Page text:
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2 WESTERN HEMISPHERE PAYMENTS AND SECURITIES SETTLEMENT FORUM PAYMENTS AND SECURITIES CLEARANCE AND SETTLEMENT SYSTEMS IN BRAZIL (PRELIMINARY VERSION FOR COMMENTS) A Note to Readers This report on Payments and Securities Clearance and Settlement Systems in Brazil has been prepared by an international team in cooperation with local representatives of the Central Bank of Brazil (Banco Central do Brasil, BCB). The report is prepared under the umbrella of the Western Hemisphere Payments and Securities Settlement Forum (WHF), led by the World Bank in partnership with the Centro de Estudios Monetarios Latinoamericanos (CEMLA) and whose objective is to describe and assess the payments systems of the Western Hemisphere with a view to identifying possible improvement measures in their safety, efficiency and integrity. The report is posted on the WHF web-page for public consultation after being approved by local authorities. The consultation period will last until Dcember 3, 2004 (6 weeks after posting), and interested parties are invited to comment on any aspects of the report. The statistical tables and a glossary will be completed in the final version. During this time, the report will also be reviewed by an International Advisory Council (IAC), established in the context of the WHF. The IAC comprises the World Bank ii

3 (Chair), CEMLA (Secretariat), Bank for International Settlements, Bank of Italy, Bank of Portugal, Bank of Spain, Council of Securities Regulators of the Americas (COSRA), De Nederlandsche Bank, European Central Bank, Federal Reserve Board, Federal Reserve Bank of New York, Inter-American Development Bank, International Monetary Fund, International Organization of Securities Regulators (IOSCO), Securities Commission of Spain, Swiss National Bank and the U.S. Securities Commission (SEC). At the end of the consultation process, the report will be formally published by CEMLA. Comments may be sent to: CEMLA José Antonio García Senior Economist Durango 54 Colonia Roma México D.F., Washington DC Tel: (52-55) Tel: (202) World Bank Massimo Cirasino Senior Financial Sector Specialist FSOP 1818 H street, MC Fax: (52-55) Ext. 289 Fax: (202) iii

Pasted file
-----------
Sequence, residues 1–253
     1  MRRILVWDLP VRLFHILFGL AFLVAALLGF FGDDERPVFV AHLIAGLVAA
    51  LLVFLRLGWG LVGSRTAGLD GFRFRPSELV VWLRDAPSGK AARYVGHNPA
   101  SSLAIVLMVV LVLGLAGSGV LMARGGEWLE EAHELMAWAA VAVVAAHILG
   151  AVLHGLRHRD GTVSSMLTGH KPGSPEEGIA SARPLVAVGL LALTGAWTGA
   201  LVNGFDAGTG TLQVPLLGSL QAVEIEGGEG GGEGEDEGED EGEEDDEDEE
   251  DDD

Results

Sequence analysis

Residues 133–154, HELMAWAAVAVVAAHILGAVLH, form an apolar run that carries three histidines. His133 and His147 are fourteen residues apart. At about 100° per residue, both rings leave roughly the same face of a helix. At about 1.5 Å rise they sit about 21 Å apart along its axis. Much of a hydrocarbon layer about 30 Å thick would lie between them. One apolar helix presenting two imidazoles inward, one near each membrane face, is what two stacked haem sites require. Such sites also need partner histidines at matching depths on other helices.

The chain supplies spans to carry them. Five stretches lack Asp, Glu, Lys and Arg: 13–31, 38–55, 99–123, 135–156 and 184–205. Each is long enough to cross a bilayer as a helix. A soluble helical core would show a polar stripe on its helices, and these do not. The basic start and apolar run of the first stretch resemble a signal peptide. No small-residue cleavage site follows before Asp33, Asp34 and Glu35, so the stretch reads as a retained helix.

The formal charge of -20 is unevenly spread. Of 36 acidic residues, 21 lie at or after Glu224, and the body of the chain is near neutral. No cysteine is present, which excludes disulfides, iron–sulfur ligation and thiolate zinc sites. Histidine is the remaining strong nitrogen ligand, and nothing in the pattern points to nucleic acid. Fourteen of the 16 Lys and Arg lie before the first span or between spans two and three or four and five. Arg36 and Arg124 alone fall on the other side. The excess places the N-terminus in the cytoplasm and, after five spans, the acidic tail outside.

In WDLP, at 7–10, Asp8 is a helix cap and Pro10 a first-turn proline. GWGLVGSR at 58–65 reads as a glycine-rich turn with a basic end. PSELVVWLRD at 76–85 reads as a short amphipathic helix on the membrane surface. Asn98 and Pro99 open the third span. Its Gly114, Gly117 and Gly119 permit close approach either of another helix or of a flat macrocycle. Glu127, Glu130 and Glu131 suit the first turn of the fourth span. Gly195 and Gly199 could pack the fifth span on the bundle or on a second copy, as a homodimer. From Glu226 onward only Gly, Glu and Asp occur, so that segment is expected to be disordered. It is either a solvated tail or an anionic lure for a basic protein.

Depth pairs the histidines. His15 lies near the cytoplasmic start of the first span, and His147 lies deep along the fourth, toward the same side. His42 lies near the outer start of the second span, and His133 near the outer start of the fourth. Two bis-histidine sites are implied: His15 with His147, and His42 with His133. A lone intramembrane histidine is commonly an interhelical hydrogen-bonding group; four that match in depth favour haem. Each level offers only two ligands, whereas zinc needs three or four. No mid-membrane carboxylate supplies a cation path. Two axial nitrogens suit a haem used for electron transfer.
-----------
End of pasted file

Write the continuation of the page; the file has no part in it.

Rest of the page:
4 1 ECONOMIC AND FINANCIAL MARKET OVERVIEW 1.1 OVERVIEW OF RECENT REFORMS Brazil, like most Latin American countries, has undergone major economic reforms during the nineties. Although each country had its own agenda, they shared a similar core of reforms based on privatization, deregulation, lowering of trade tariffs and trimming the state to achieve macroeconomic stability and foster economic growth. Since many years ago and up to 1994, high inflation rates were one of the main features of the Brazilian economy. In fact, since October of 1942 Brazil has experienced nine reforms of its monetary system. The second half of eighties and the first of the nineties were particularly problematic in terms of inflation. Five different price stabilization plans were launched from February 1986 to January 1991, none of which lasted more than 7 months. The frequent changes in the monetary standard suggested both the difficulty of establishing macroeconomic conditions consistent with long run stability and the capacity developed in the Brazilian economy to coexist with inflation for long periods, preserving the pricing system with economic growth. This coexistence was made possible through, inter alia, the indexation of virtually all the prices in the economy, including wages, contracts, exchange, interests, etc. This arrangement allowed for the government and a minority with access to the mechanisms of protection against the inflation not only to remaining insulated from its negative effects, but also to benefit from it. With the launching of the Real as the national currency in 1994 (see Box 1), the Brazilian economy successfully moved to lower and sustainable levels of inflation. The consumer price index (IPCA) dropped from 2,477 percent in 1993 to 1.65 percent in Price stability induced more transparency to the broad public finances, which pushed the government into furthering reforms primarily aiming at a fiscal consolidation coherent with sustainable low inflation. Recent governments have attempted other major reforms in the following fronts: Administrative reform: administrative adjustments and correction of distortions between local, state and national governments payrolls. Reform of the pension system: necessary to reach actuarial equilibrium in the pension system. Some progress was made but important issues like civil servants retirement actuarial equilibrium remain pending. Reform of the Economic Order: aims at eliminating monopolies and allow private investment in areas previously reserved for the public sector. Much has been done on this front, especially in the case of state monopolies. Patrimonial reform: to promote the restructuring of public sector assets and liabilities. A lot of progress has been achieved in this area, including the renegotiation of state debts and the recognition of the so-called esqueletos (hidden public sector liabilities). Fiscal reform: although fiscal discipline was enacted, little progress has been made during the last eight years. This reform is crucial to remove tax distortions that hamper production, investments and exports. 1